with Leach and move back in, and that he had never been away from the home for more                                                                                                                                                                                                                                                                                                                                                                                                                                                              

 than thirty consecutive days.                                                                                                                          

                                                                                        Based on this testimony, Hinson's attorney argued in closing that because                                                                                                                                                                                                                                                                                                                                                              

  Hinson intended to return to Leach's residence, and because he was never away from the                                                                                                                                                                                                                                                                                                                                                                                                                                                                        

 residence for more than thirty consecutive days, he had not changed his residence for                                                                                                                                                                                                                                                                                                                                                                                                                                                                         

 purposes of the sex offender registry. (Department of Public Safety regulations provide                                                                                                                                                                                                                                                                                                                                                                                                                                         

 that a sex offender "is considered to have changed residence on the date that the offender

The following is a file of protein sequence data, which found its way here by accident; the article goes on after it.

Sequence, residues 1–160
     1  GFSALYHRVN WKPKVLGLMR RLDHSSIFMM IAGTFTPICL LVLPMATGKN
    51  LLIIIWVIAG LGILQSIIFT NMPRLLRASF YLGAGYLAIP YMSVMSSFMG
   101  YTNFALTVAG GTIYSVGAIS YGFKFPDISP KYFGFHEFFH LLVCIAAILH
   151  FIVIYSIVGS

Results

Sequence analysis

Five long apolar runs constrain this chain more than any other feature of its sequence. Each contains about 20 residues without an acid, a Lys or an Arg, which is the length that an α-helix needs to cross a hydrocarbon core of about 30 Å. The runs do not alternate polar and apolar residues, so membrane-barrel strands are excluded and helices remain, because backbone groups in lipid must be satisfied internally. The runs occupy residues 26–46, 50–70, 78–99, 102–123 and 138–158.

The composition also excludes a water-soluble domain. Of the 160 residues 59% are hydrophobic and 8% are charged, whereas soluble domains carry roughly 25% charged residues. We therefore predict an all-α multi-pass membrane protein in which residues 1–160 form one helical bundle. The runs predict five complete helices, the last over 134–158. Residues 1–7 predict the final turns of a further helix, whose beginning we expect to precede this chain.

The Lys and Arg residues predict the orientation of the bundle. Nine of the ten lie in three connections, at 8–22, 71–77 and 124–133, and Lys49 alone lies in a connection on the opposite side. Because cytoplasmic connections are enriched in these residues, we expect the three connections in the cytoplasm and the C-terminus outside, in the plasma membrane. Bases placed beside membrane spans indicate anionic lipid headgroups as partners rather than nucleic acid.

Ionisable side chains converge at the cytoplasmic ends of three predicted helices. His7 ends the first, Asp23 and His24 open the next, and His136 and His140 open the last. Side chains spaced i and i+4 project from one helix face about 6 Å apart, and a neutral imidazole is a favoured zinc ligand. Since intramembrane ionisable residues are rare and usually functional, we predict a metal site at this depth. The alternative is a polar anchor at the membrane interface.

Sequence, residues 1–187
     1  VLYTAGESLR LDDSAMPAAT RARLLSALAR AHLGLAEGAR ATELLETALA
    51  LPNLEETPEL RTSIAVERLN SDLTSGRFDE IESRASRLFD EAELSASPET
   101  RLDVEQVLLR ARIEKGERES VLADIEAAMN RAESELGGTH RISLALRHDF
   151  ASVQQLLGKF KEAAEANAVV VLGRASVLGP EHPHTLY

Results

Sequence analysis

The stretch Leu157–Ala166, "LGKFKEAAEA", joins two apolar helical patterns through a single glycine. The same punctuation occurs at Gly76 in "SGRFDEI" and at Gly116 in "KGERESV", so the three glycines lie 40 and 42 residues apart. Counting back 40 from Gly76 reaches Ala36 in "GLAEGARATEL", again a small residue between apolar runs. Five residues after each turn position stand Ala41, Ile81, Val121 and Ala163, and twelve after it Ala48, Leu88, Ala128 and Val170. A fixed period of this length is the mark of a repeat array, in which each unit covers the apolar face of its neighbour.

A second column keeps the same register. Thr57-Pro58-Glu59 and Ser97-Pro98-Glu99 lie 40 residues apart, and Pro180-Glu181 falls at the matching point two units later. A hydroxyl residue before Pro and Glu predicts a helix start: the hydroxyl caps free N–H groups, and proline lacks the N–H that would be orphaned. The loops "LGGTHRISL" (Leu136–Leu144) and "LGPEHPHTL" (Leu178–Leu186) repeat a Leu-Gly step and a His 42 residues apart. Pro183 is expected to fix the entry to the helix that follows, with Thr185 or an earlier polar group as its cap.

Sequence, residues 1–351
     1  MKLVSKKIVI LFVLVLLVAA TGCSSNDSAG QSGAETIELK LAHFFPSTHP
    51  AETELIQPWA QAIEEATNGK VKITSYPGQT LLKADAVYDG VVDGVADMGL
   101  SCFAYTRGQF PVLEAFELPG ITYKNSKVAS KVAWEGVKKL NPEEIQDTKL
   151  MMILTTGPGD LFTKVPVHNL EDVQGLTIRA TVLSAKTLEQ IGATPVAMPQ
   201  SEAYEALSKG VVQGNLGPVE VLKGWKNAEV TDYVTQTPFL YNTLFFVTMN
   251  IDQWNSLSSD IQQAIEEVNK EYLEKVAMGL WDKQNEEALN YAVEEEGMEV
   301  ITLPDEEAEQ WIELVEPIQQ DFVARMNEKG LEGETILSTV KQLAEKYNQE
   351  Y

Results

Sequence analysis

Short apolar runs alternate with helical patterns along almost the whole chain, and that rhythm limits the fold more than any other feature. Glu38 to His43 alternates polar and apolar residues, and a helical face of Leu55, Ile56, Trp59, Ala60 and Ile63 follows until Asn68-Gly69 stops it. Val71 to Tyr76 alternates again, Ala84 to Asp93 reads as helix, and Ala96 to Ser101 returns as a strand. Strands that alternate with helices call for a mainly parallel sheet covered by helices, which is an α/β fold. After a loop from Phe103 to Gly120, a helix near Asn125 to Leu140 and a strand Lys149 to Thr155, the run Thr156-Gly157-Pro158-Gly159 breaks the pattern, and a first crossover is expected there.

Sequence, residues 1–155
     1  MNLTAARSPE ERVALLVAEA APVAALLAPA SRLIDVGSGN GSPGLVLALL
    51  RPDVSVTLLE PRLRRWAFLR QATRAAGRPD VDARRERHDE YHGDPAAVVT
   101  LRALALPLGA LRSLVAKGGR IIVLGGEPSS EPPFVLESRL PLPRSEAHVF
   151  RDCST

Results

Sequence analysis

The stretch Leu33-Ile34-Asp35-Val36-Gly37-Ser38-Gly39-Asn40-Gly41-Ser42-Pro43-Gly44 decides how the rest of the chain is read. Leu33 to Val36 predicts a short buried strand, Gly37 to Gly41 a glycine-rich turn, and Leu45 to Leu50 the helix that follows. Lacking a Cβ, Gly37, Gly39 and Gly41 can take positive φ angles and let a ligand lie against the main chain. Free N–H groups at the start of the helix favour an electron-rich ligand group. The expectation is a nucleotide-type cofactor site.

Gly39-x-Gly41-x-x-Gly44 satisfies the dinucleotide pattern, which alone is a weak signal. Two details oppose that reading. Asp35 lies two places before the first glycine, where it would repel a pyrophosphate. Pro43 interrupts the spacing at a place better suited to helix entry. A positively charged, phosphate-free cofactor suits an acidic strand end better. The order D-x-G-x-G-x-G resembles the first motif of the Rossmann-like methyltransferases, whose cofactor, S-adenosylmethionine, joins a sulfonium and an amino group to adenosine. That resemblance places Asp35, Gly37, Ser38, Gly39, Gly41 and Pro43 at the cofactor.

leaves the residence without intending to return to continue living there, or the date that                                                                                                                                                                                                                                                                                                                                                                                                                                                              

 the offender has been away from the residence for 30 consecutive days, whichever                                                                                                                                                                                                                                                                                                                                                                                                                            

  occurs first."                                                                      5)  

                       5                       13 Alaska Administrative Code 09.040(b).  

                                                                                                                                                                                                                                                                            - 4 -                                                                                                                                                                                                                                                                 2508